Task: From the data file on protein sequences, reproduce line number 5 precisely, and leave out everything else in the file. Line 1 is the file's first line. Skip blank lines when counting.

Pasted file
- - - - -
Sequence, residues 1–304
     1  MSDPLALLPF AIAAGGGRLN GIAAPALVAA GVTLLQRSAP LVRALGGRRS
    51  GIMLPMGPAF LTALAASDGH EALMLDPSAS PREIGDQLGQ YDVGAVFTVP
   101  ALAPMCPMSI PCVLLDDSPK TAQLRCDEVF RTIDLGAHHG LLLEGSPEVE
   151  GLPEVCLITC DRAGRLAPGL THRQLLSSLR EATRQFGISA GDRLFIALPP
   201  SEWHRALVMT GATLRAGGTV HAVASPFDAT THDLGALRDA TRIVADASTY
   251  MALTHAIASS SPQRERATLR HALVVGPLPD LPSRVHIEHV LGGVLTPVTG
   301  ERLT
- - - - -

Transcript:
   151  GLPEVCLITC DRAGRLAPGL THRQLLSSLR EATRQFGISA GDRLFIALPP